Director Kurosawa trained as a painter early in life and, after he became a film director, he painted the storyboards for his films. You can see this influence in the way his scenes are framed in Ikiru. One scene in particular, a funeral scene, has a composition that is reminiscent of  Leonardo da Vinci’s The Last Supper.

Ikiru is not an easy film, but it is worth it. We feel a person ought to watch it because, like Roger Ebert says, it could prompt you to lead your life a little differently.

Ikiru: starring Takashi Shimura, Nobuo Kaneko, Shin’ichi Himori. Directed by Akira Kurosawa. Written by Akira Kurosawa, Shinobu Hashimoto, Hideo Oguni. Toho Co. Ltd., 1952, B&W, 143 mins.

About the Criterion Supplements:

Ikiru‘s Criterion disc features include a reprint from critic Donald Richie’s 1965 book The Films of Akira Kurosawa. Richie’s beautifully-written excerpt discusses Ikiru as cinematic existentialism. “He [Mr Watanabe] conceives [a] plan that will save him, though in the simplest terms,” writes Richie, “it is a form of insurance against having ‘lived in vain.'”

The set also includes an essay by critic and travel writer Pico Iyer, who discusses how “un-Japanese” the film is. “Of course, at a remove of sixty years,” he writes, “one can also see now how Kurosawa was catching something essential to the Japanese postwar predicament, as his culture began wavering between its Buddhist roots and a new, imported American optimism.”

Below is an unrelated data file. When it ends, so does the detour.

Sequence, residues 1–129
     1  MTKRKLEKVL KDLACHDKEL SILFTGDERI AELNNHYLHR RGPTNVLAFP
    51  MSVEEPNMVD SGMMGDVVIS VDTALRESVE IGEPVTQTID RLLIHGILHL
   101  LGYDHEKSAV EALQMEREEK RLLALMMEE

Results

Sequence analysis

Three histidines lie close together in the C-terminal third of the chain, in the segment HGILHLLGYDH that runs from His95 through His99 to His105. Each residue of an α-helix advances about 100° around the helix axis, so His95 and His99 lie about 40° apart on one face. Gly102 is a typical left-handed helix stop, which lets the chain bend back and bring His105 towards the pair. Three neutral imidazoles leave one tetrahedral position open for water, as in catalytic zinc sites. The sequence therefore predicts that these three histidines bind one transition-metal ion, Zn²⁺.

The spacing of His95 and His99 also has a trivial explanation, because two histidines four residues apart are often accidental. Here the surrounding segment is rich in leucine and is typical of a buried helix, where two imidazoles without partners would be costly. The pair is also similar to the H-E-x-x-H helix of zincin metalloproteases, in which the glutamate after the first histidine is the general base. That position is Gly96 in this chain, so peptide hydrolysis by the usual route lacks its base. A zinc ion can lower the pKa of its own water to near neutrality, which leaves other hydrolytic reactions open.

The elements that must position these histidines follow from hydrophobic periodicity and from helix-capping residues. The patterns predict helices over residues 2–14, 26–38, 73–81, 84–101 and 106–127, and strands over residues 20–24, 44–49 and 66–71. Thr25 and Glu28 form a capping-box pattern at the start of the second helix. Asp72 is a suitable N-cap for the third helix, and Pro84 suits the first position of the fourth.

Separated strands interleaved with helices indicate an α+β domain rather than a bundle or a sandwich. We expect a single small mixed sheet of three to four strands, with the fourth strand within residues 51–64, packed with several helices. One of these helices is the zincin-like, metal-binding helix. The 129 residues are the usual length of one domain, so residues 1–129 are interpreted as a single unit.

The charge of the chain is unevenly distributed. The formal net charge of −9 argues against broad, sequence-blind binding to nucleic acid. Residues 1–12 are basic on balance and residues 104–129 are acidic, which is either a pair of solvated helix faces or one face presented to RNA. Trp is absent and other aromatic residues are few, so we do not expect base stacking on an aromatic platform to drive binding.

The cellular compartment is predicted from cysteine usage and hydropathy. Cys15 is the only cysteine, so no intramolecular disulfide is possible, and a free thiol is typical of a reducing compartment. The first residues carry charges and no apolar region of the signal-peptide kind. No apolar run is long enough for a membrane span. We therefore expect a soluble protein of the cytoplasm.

Two documentaries are included. The first is A Message from Akira Kurosawa: For Beautiful Movies (2000), that documents Kurosawa’s family and childhood. “ookng back on the environment in which Kurosawa grew up,” says the narrator, “you could say he matured as film evolved, and his entire life was dedicated to creating movies.”

The second documentary is Ikiru, created as part of the Toho Masterworks series Akira Kurosawa: It Is Wonderful to Create! (2003). This film features interviews with many filmmakers who worked with Kurosawa, as well as an exploration of the director’s goals, taken from his own notes. It’s also a fascinating look at the process of making movies.

Ikiru itself is a beautifully restored 4K digital transfer, and has updated English subtitles. Audio commentary is provided by Stephen Prince, author of The Warrior’s Camera: The Cinema of Akira Kurosawa.